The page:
There is also a need to strengthen the role of the “independent assessors” who are responsible for safeguarding the integrity of appointments. At the moment, departments themselves appoint the bulk of these assessors; and they do not follow appointments through to the final decision-making meeting. PASC recommended that the Commissioner should assume full responsibility for recruiting and training independent advisers – so that they become wholly her “eyes and ears” ; and that the assessors should be involved in every stage of appointment, including the final decision.
Bias in appointments
Media interest in appointments is largely confined to evidence of political bias.
There is evidence that Labour Party people get more appointments than members of other parties, but this is not necessarily a sign of bias on the part of those making appointments,
There is however a damaging public view that appointments are the preserve of the privileged few, if not always a “fix’” – and this perception is all the more damaging for being accurate. The Government is genuinely committed to opening up appointments to a wider range of people, and especially to increasing the proportions of women, members of ethnic minorities and people with disabilities on the boards of public bodies to their proportions in British society. There has been real progress in doing so since 1997.
PASC took the view that more representative quango boards would assist the Government’s goal of increasing public confidence in the integrity of the appointments processes and urged the government to undertake a vigorous campaign to bring this about. The Committee argued that more “diversity” was not incompatible with the main criterion of merit; that government should launch a high-profile national strategy to increase diversity on public bodies through greater lay representation; and further that “greater diversity on public bodies is not simply a desirable goal. It is a significant component of the basic human right to equal regard and treatment, regardless of difference. The Government should bring forward a Single Equality Bill to promote equality and end discrimination for all minorities”.
Making quangos representative
Democratic Audit questions whether enough will be done to broaden representation on quango boards. The government has rejected the political bias and favouritism of the recent past only to return to a diluted version of the previous regime of the “great and the good” – the not-so-great and not-so-good, so to speak. Class is a major barrier to increasing diversity on public bodies, not only inhibiting the recruitment of women, people from ethnic minorities and people with disabilities, but also a wider range of white men. Age and regional background also create barriers. Government research has also shown that apprehension and an absence of awareness of the opportunities on public bodies prevent women in particular from seeking public appointments.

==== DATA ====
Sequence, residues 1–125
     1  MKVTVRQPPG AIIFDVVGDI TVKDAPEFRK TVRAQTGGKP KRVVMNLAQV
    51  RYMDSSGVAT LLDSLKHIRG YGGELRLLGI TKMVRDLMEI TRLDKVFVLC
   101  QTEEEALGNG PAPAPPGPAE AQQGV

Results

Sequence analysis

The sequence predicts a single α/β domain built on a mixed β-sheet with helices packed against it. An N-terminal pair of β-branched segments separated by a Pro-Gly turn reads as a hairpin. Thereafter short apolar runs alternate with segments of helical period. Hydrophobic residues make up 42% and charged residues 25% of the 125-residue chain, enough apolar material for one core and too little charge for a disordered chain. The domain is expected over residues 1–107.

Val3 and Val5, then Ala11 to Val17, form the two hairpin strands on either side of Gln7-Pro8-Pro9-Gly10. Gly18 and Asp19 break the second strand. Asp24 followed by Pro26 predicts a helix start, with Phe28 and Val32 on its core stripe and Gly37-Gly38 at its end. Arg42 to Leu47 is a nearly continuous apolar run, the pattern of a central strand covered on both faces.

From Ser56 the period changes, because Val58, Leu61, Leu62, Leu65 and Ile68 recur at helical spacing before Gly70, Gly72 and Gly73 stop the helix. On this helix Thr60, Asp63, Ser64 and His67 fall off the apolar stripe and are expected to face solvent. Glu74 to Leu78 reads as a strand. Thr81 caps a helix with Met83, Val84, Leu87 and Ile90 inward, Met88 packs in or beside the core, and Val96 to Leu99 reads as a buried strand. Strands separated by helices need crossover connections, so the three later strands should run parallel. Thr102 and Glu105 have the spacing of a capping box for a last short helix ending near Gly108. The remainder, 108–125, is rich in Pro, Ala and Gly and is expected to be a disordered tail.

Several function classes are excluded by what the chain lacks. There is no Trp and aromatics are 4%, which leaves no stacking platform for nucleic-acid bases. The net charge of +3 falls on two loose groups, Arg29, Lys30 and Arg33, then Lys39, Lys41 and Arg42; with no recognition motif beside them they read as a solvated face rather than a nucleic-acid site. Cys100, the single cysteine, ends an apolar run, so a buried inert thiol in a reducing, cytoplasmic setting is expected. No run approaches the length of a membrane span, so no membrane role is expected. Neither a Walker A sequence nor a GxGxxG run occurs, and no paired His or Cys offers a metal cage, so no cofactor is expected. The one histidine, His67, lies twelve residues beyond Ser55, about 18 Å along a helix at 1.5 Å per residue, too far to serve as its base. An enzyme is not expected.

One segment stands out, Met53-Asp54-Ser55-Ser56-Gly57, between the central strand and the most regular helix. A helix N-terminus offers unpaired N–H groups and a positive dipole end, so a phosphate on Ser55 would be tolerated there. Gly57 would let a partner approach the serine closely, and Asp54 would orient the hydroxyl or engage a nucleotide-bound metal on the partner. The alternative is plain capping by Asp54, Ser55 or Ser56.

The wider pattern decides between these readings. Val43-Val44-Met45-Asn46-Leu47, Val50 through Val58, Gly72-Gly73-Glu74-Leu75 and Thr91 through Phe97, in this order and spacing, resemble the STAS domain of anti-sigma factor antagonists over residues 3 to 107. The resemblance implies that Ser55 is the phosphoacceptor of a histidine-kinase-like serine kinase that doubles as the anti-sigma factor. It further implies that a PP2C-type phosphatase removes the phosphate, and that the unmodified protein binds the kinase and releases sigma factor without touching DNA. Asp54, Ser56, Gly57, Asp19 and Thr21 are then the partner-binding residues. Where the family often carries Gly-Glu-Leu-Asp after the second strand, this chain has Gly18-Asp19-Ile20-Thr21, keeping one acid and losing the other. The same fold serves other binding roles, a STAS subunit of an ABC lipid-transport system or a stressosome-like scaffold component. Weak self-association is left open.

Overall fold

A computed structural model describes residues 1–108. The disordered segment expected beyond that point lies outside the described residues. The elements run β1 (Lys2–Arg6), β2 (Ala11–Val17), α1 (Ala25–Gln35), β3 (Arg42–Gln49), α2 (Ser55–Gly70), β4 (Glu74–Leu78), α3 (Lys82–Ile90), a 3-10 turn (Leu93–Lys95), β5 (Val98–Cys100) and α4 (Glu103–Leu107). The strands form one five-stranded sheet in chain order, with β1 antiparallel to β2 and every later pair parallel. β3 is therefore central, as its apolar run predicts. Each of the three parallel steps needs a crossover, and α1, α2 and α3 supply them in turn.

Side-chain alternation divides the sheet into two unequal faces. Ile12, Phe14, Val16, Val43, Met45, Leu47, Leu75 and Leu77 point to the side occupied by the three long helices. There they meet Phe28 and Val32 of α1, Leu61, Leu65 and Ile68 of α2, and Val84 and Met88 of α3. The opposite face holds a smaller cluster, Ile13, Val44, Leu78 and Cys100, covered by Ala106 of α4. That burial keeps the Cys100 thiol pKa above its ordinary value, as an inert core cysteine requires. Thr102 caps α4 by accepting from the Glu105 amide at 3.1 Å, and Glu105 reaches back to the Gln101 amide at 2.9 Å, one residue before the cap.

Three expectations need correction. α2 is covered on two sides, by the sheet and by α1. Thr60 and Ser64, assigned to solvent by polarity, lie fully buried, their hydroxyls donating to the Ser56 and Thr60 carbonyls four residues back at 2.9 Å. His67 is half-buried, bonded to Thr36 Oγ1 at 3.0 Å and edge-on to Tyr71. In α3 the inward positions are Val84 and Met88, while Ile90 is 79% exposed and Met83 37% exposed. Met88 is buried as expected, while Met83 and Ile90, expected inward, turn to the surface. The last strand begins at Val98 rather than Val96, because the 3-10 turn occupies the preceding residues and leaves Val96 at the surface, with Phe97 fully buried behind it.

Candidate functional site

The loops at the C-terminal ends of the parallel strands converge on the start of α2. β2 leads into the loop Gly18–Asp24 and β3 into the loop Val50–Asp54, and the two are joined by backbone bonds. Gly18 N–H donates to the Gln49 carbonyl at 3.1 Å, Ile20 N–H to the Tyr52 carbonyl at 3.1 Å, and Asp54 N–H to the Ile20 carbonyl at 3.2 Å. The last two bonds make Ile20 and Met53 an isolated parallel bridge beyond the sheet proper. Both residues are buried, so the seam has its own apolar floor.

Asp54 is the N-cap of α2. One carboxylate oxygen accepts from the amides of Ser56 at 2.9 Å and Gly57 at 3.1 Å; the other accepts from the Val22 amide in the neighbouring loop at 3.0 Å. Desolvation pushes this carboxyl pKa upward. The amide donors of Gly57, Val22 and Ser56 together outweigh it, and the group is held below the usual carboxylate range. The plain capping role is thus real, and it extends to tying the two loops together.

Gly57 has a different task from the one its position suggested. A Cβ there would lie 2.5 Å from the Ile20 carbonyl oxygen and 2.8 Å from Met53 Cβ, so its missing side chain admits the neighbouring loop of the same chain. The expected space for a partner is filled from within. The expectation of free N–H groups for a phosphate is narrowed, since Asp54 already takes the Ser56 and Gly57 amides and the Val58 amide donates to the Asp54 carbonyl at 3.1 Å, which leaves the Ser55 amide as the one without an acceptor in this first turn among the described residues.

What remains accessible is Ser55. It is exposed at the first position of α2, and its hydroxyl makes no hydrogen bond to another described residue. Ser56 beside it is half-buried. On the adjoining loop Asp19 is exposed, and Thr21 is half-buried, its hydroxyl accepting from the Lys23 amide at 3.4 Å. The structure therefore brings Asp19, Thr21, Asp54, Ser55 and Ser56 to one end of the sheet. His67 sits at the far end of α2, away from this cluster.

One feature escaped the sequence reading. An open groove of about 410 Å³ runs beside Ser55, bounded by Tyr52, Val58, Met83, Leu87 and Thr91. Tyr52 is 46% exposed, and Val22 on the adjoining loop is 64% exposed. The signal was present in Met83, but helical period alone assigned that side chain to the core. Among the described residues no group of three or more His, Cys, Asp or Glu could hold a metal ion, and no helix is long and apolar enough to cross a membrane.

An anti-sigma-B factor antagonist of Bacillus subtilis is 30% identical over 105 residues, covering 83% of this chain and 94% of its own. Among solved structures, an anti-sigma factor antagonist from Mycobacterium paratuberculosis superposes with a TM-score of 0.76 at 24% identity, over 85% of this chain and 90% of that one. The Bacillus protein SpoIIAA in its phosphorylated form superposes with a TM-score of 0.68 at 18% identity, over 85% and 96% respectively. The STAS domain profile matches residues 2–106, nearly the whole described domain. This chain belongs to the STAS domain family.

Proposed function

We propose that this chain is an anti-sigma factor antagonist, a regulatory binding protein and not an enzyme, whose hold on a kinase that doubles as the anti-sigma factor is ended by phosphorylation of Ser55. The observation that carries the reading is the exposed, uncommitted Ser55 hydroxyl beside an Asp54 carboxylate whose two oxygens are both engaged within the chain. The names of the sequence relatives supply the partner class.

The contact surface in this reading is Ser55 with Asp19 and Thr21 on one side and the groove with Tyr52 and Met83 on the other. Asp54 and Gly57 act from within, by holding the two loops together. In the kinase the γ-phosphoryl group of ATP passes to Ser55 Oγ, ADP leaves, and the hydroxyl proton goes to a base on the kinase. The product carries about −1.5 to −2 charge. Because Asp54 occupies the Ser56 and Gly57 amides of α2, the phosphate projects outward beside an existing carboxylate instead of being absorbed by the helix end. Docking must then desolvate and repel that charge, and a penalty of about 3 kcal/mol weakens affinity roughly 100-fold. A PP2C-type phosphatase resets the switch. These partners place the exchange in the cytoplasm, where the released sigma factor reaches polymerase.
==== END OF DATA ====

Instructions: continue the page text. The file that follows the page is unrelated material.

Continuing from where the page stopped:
Reform of the pay structures on quangos, meeting times, expenses rules, etc, can be revised specifically to encourage greater lay representation. But a more profound culture shift in government and Whitehall is required to overcome the class barrier and make quango boards more representative. Long-established traditions still favour elite ideals and prejudice efforts to recruit more widely. Other basic reforms are required. Departments should be required to appoint lay persons to all quango boards, alongside more representatives of consumer bodies; all lay members should be given appropriate support to ensure that they can a full role on their boards; and there should be full parliamentary and public debate about the role of lay members, their qualities and competence. At the moment, departments lay down strict criteria for “lay persons” which are too narrowly class and qualification based.
As part of its drive towards broader representation, PASC recommended,
1. The government should enter on an experiment with appointment by a form of lot, using as a model the pioneering work of the National Lottery Community Fund’s regional
committees, which randomly recruit people from the electoral roll and rigorously ensure their ability and suitability for public service.
2. The government should do more to recruit able people from existing networks of women, ethnic minorities, people with disabilities and working people.
3. The government should introduce elections to quangos in appropriate circumstances, and especially to local quangos which provided services to the community.